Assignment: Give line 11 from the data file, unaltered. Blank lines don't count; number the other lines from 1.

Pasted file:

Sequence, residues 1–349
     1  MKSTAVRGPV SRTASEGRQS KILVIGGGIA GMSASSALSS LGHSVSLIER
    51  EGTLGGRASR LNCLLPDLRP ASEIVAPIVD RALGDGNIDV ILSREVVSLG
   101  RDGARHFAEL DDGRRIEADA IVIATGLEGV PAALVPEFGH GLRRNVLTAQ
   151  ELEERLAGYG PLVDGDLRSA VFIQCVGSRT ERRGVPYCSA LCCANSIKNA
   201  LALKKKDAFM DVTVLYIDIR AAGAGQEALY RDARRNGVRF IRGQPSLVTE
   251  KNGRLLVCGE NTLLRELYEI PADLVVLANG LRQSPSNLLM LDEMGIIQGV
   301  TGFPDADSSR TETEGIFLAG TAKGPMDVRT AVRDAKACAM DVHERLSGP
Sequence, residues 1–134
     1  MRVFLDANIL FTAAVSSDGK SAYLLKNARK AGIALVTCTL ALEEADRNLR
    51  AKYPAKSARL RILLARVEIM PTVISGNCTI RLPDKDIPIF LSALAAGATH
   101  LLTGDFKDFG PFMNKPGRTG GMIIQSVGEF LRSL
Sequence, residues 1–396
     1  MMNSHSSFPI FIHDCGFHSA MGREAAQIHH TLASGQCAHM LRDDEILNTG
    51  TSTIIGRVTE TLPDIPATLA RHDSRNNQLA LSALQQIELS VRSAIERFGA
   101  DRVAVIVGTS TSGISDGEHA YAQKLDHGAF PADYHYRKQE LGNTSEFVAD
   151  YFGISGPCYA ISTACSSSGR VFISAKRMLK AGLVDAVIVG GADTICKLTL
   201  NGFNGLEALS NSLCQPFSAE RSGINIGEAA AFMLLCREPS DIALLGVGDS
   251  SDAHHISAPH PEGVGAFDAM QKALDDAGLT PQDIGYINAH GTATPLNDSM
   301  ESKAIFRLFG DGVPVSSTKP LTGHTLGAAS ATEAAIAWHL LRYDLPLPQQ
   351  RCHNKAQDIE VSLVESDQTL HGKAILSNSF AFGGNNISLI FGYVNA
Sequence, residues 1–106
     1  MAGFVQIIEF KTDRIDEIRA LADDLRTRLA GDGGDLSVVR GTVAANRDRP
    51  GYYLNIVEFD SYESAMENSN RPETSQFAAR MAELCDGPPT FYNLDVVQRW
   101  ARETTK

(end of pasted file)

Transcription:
    51  AKYPAKSARL RILLARVEIM PTVISGNCTI RLPDKDIPIF LSALAAGATH